In civil litigation, a lawsuit is filed by a private party, seeking damages from another party as a result of some type of injury, negligence, or malpractice. In criminal litigation, the case is filed by the government against a defendant whom the government believes has committed a crime. Crimes are classified into one of two categories: misdemeanors or felonies. Punishment for misdemeanors involve a maximum possible sentence of less than 1 year of incarceration; felonies carry a maximum possible sentence of more than 1 year of incarceration. The burden of proof in criminal litigation is always assumed by the state. Thus, it is the state’s responsibility to prove that the defendant is guilty of having committed a crime. However, if a defendant claims insanity (e.g., cannot appreciate the wrongfulness of the act nor conform their conduct to the requirements of the law), then the burden of proof in proving one’s insanity falls on the defendant. Under criminal litigation, the...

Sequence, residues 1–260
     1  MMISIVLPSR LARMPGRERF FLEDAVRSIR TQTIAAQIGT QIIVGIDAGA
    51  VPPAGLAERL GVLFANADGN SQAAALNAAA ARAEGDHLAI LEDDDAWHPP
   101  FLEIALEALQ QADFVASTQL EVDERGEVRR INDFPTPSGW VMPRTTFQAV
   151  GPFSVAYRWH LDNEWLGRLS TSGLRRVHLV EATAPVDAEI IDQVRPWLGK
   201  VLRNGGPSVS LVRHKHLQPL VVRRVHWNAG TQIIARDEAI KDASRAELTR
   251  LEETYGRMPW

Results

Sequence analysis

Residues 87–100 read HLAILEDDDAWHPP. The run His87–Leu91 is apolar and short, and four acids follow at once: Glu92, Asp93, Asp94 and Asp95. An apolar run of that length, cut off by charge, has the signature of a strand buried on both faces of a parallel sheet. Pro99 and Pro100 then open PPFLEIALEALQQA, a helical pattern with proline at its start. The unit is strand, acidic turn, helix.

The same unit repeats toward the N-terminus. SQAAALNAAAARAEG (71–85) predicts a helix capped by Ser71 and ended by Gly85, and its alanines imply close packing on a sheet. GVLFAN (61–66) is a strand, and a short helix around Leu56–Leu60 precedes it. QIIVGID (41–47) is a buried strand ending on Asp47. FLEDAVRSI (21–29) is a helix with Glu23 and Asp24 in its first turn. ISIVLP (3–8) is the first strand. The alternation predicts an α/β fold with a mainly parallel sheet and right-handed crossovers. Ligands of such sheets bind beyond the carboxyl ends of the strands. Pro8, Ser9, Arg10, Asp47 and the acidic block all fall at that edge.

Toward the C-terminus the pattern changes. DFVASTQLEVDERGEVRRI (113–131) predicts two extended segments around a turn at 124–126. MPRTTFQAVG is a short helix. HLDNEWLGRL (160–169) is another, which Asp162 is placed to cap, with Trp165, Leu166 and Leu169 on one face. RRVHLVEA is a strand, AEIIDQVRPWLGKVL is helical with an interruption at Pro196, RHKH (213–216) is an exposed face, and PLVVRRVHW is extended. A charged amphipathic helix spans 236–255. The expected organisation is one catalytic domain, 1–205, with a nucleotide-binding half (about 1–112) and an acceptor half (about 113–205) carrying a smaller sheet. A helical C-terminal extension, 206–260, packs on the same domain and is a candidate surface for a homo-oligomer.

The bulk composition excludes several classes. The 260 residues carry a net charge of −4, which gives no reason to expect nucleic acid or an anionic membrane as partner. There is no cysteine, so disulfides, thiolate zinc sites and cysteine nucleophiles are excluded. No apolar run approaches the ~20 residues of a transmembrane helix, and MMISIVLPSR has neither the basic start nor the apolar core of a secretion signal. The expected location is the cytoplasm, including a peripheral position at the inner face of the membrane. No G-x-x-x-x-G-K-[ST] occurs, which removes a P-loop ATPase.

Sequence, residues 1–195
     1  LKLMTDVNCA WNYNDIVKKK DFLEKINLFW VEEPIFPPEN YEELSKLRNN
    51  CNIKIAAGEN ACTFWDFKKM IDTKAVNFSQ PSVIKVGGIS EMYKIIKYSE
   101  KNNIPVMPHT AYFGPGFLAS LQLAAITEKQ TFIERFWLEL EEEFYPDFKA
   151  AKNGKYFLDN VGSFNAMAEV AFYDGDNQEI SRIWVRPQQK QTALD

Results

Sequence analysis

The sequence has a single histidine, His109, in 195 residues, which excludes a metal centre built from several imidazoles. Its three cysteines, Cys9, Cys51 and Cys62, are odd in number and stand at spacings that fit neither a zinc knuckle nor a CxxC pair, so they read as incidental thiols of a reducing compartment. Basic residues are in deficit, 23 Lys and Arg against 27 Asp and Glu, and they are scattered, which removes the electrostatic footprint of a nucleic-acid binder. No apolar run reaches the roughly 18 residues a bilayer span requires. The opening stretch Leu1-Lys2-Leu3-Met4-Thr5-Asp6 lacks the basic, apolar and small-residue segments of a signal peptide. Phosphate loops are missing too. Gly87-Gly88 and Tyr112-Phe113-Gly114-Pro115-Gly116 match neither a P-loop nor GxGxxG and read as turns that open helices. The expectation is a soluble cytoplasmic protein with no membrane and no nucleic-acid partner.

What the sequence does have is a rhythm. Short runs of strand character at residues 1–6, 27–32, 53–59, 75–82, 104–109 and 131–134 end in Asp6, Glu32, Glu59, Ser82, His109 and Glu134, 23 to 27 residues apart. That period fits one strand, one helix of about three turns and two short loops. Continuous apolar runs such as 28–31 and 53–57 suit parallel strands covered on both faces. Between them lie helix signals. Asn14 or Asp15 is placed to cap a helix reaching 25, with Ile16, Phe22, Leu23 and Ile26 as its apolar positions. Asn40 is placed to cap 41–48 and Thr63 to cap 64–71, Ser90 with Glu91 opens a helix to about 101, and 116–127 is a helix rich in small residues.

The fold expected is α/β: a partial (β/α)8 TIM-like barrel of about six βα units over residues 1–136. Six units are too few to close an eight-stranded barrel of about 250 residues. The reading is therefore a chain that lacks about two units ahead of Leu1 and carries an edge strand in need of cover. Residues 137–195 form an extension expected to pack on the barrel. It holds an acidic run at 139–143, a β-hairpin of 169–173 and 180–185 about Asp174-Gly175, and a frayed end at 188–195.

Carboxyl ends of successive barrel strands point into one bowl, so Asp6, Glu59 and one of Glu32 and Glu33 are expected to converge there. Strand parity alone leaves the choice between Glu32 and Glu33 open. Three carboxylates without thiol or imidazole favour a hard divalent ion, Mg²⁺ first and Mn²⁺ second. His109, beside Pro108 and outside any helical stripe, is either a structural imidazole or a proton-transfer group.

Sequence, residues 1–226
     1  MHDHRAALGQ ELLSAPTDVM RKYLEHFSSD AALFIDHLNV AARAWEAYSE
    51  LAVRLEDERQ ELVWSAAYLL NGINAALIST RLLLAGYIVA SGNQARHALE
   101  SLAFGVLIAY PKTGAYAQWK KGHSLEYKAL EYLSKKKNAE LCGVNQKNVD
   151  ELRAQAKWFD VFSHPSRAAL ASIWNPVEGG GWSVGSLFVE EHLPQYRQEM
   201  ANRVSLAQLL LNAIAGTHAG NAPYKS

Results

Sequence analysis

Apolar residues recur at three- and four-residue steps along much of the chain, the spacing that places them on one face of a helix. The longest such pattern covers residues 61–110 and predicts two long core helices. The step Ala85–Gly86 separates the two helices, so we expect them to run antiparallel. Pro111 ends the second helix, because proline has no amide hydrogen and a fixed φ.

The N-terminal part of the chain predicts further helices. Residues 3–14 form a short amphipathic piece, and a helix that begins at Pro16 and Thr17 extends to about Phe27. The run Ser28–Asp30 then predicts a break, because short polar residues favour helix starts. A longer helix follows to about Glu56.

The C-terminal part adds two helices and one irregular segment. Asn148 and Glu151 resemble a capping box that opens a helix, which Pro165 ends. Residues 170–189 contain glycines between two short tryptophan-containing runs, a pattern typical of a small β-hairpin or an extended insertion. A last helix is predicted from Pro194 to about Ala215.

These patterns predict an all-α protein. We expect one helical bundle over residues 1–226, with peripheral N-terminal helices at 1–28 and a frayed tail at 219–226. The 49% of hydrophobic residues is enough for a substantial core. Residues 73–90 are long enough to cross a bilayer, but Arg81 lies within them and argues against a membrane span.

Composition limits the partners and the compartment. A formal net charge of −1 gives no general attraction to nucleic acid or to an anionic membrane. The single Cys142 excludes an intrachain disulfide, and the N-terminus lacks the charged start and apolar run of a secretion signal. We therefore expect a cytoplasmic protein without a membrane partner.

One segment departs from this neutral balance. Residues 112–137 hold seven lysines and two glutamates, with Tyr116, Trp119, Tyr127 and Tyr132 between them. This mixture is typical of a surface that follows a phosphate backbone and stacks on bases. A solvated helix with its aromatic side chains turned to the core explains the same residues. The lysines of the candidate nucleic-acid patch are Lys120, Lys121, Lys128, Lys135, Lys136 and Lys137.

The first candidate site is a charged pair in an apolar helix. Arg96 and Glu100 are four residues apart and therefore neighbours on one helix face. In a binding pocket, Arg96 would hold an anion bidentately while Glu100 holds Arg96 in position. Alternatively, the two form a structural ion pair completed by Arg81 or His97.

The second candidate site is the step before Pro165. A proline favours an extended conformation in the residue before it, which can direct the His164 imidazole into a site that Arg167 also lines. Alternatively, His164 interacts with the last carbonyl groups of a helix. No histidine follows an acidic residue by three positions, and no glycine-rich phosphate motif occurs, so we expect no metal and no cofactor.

References and Readings
- Denney, R. L., & Sullivan, J. P. (2008). Clinical neuropsychology in the criminal forensic setting. New York: Guilford.Google Scholar
- Greiffenstein, M. F., & Cohen, L. (2005). Neuropsychology and the law: Principles of productive attorney-neuropsychologist relations. In G. Larrabee (Ed.), Forensic neuropsychology: A scientific approach. New York: Oxford University Press.Google Scholar